The Douala Memorial Appeal and Refurbishment
Caledonian Airways G-ARUD
On March 4th, 1962 a Sabena DC7C, registered G-ARUD and operating Caledonian Airways flight CA153, crashed on take-off from Douala airport in the Cameroons. The inquiry identified the cause as a failed elevator spring tab. All 111 passengers and crew on board were killed. They were buried in a common, 150ft-long grave in the Douala Bois des Singes cemetery, as repatriation was not possible. Later, a memorial pillar was erected bearing five plaques recording the tragedy, the crew and passengers.
Laurie Campbell (now Aplin) was working for Alan Bartlett (Planning Manager) during 1964/65. Alan was given the task of sorting an acceptable design for the memorial but, as was usual in those days, his Secretary (Laurie) was given most of the "leg work". Laurie approached many companies before finding the right firm (their name has been lost over the years) who produced the material which would not weather in the local climate. The original memorial was completed in 1965.
Over the years the cemetery has become much busier, and other graves now surround the memorial grave, but the memorial stone has stood watch over those laid to rest there come rain or shine for 50 years.
Caledonian’s directors left some funds for the upkeep of the memorial and in the 1980s Sir Adam arranged for the memorial to be refurbished. That is now over 30 years ago (in 2015). Unsurprisingly, this marker of an airline disaster has deteriorated. The monument still stands, the graveyard is tended, but the plaques are missing and the surrounding edging stones are in poor shape.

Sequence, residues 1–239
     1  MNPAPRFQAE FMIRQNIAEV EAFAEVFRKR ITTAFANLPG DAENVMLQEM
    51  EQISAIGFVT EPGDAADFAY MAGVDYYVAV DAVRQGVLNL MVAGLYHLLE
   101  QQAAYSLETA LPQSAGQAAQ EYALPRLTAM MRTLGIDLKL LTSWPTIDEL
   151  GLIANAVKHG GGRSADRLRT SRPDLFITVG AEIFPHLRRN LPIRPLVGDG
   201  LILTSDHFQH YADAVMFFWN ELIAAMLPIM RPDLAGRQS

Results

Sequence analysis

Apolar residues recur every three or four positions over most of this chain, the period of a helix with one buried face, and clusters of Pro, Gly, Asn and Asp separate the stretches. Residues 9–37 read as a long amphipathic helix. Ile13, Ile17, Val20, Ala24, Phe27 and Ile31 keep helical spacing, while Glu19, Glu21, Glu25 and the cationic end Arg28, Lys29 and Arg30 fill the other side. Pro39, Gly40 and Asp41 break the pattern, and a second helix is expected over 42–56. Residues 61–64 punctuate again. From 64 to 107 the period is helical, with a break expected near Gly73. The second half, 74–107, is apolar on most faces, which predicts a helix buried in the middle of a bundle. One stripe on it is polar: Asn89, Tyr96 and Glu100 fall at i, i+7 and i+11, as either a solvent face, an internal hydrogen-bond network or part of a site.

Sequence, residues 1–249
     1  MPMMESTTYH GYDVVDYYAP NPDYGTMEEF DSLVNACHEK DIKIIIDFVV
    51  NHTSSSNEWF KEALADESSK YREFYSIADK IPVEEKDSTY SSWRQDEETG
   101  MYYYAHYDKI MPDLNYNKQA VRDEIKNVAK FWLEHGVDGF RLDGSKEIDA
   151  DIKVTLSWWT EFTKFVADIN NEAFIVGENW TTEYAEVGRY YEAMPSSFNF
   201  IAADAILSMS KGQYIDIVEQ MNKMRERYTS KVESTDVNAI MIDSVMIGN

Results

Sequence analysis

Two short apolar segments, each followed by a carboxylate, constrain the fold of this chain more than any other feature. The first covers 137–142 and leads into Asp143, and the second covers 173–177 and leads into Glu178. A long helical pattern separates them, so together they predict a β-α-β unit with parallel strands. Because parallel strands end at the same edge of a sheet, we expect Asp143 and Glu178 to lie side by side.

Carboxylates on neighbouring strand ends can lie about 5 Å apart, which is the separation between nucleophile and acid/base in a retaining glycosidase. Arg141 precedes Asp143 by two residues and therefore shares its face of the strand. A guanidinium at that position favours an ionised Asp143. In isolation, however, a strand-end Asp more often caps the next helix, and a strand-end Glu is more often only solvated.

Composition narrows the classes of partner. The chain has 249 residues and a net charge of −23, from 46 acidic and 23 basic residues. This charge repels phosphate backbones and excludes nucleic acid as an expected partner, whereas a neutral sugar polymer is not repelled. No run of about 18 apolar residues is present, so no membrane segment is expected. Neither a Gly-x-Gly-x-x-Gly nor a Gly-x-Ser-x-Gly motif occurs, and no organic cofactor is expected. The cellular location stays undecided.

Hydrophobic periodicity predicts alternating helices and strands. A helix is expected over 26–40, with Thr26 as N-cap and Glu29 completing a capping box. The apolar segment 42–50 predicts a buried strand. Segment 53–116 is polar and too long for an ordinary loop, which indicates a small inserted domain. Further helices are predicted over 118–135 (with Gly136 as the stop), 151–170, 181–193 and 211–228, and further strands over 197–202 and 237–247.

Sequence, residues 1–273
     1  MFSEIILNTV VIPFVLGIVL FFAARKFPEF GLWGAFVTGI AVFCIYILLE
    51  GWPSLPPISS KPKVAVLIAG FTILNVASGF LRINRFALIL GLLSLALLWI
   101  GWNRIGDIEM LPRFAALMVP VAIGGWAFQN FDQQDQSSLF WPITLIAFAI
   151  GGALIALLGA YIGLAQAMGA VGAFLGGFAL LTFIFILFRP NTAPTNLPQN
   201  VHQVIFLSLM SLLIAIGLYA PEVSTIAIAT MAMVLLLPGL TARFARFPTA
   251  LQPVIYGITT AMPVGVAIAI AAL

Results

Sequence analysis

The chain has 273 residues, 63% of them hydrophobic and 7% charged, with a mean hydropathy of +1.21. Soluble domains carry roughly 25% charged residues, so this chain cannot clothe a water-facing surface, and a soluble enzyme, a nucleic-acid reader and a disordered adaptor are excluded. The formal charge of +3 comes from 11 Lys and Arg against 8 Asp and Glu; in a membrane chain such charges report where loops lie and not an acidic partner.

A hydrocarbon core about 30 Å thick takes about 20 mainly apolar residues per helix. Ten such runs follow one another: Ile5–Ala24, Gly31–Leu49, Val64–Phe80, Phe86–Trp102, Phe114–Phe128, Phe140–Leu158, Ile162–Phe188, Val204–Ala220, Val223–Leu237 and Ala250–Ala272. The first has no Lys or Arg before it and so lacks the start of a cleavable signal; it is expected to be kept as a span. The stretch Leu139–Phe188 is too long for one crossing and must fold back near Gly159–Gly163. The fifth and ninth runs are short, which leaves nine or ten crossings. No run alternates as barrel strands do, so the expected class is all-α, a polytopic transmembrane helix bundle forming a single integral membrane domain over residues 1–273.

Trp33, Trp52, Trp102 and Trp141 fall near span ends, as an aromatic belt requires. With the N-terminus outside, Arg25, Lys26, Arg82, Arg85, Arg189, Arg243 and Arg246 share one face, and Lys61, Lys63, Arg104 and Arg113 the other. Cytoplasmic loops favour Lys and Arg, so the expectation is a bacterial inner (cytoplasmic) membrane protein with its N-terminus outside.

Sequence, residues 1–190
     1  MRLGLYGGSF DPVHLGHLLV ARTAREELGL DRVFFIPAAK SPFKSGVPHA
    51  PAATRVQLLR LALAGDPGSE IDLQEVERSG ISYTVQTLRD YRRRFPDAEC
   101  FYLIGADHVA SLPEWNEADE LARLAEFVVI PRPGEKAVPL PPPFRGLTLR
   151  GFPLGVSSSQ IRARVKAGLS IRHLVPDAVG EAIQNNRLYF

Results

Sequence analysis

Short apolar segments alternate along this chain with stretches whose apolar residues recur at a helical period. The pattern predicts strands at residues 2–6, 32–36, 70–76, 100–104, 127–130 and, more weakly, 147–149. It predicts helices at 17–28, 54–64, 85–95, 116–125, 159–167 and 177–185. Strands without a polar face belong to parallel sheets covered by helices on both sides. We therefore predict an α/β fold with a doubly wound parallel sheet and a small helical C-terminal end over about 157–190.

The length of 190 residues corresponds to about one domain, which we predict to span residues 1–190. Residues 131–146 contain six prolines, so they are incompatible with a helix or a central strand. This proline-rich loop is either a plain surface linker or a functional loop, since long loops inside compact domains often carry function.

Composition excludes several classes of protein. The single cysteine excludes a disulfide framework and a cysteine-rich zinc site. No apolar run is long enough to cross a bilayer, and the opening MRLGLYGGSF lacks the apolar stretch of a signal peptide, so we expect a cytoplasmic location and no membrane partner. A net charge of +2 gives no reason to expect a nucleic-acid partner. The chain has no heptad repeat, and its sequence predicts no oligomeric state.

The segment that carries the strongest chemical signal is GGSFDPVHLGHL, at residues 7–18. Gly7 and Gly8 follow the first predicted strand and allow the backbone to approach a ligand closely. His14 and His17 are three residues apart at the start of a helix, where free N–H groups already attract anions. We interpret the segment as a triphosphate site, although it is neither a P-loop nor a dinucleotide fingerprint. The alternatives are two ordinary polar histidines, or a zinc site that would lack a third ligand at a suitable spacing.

Before we started
Funds were needed to restore this memorial and Dave Thaxter, who created and edits this website, most laudably suggested the initiative and together, and as a team, we set the work in hand. (see photo to left).
We sought contributions, albeit few of us are likely to visit the site to see the results of our generosity.
You may ask “Why should we be concerned about a monument to an event which took place more than 50 years ago in a remote location in Africa - and for many not even to an airline in which we served?”
The answer is clear. All the airlines which formed part of British Caledonian, stretching back to our 1920s forerunners, are part of our heritage. The pride we have and the responsibility which we took for the airline in which we served is an inheritance from our predecessors. Quite simply, we owe respect to the memorial of that 1962 tragedy and cannot just let it deteriorate as though nobody cares or remembers.
Alastair Pugh & Trevor Boud
Former Vice-Chairmen, Caledonian Group
Works Underway in Douala - Feb 2015
Work in progress
My thanks go to Leonard Bebchick, Patricia Sheldon, William Murphy, Stuart Matthews, David Braithwaite, Ian Lucas, Margaret Trett, Derek Hodgson, George Banks, Ken Honey, Will Puk, Tony Cocklin, Alastair Pugh and Trevor Boud who all kindly who made contributions to the Appeal.
Thanks also to Jacqueline Dillman who kindly liaised with Murielle Koch and the local staff of Air France who helped oversee the works on site.
2015 : The refurbished memorial with its new plaque